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Treat Them Equally

The decision to end need-blind admissions for international students merits further discussion. But, since there are so many components to the issue, I will break the conversation about into discrete parts, each taking place at noon over the next week or so. (If there are specific aspects you want to discuss, please list them in the comments.)

Let’s start with fundamentals. Why does Williams treat international students differently from domestic ones? From WSO:

You have no more control over the place of your birth than you do over your gender, race, class, or (arguably) your sexual orientation. You probably have more control over your gender than you do over your citizenry. Bearing this in mind, it is pathetic and shameful that the need-blind policy has been removed for international students. …

If the college decided to remove need-blind admission for women, everyone would be up in arms about it, and it would be an outrage, yet it’s fine when we do it to international students. This is the minority group on campus whose voice is probably heard least, and the College took advantage of that in removing this policy for them. …

Claiming Williams is supposed to be about a commitment to understand others and treat them equally, but the administration’s commitment is really not that strong. Rather, it is not strong enough to to be saved from budget cuts. Harvard, Yale, Princeton, MIT, and Amherst should be lauded for their true commitments.

Indeed.

1) I could understand if Williams decided to maintain need-blind admissions for everyone. This would be expensive, but cuts could be made elsewhere. I could understand if Williams decided to eliminate need-blind admissions for everyone. This might hurt applications and enrollment decisions, but there is a financial crisis. What I can’t understand is how/why Williams can treat international and domestic students differently when it comes to need-blind. Can someone explain it to me?

2) Now, whatever explanations one offers, could they not also apply to other groupings of students? Because the competition is so fierce for African-American students, the College could stay need-blind for them but not for white students. Because sports are so important at Williams, the College could stay need-blind for athletes but not for non-athletes. Because alumni have, as a group, contributed so much to Williams, the College should stay need-blind for legacies but not for non-legacies.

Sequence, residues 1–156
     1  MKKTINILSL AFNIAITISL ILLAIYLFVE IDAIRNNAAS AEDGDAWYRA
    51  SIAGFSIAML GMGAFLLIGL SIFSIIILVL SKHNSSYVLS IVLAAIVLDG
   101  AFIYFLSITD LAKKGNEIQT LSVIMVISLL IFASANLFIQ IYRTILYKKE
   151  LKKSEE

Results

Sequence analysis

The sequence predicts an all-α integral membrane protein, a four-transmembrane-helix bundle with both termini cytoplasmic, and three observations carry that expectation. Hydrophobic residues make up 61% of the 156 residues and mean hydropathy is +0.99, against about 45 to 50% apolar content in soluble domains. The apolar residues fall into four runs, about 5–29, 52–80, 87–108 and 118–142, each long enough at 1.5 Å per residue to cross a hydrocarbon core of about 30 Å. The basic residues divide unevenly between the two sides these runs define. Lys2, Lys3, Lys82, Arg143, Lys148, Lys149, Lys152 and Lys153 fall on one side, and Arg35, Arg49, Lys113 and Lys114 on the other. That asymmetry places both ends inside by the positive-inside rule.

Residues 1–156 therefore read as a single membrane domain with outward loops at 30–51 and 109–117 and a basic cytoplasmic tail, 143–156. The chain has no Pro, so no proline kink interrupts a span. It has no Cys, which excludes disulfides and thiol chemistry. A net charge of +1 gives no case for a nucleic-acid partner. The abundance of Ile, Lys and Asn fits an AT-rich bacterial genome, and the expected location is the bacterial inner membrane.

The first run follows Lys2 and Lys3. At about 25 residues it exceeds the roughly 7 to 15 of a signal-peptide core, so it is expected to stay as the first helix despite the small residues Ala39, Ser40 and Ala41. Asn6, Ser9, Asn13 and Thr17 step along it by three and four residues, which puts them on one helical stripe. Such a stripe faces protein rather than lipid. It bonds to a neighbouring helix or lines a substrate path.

Once Williams discriminates on basis X, what is the reasoning that precludes it from discriminating on basis Y or Z? The (temporary?) preferences of the current Administration is a lousy reason.

3) In the past, I have argued against the quota for international students. Reasonable Ephs can and do disagree with that view. For example, it is plausible to believe that a Williams without the quota would become 50% international and that this would lead many desirable US students not to come to Williams. Yet the case of need-blind versus need-aware is fairly different. Either way, Williams will be 8% international. Why would one use a different need standard for US versus domestic students?

4) I don’t know the history as well as I should, but the most relevant historical comparison is with the discrimination against Jews by elite colleges 75 years ago. I would not be surprised (citations welcome!), if colleges then made financial aid awards on the basis fn the applicant’s religion. “After all,” the thinking would have gone, “Williams was founded by Christians as a school for Christians with an emphasis on teaching the Christian gospel. Shouldn’t our limited resources be focused on Christian students? Jews should be treated differently.”

How does Wagner’s decision differ from such thinking?

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#1 Comment By rory On February 18, 2010 @ 12:34 pm

this feels like bait, but fine. Citizenship is not a historical divider of inequality in American society (by nature: it’s a sign that one is not a full member of American society). As such, treating citizens and non-citizens differently is not analogous to treating people differently based on gender, sexuality, religion, or race. The athlete comparison is far more apt, and hey, need-blind Div 1 schools do treat financial aid for athletes differently from non-athletes. Are they morally repugnant for doing so? Williams, by being Div III, has decided to preclude that, but not for some grand moral gesture. We also do treat athletes and legacies differently in admissions (just not financial aid), so I’m not sure that the argument even works as you present it. Is financial aid a more morally important location of possible discrimination that admissions?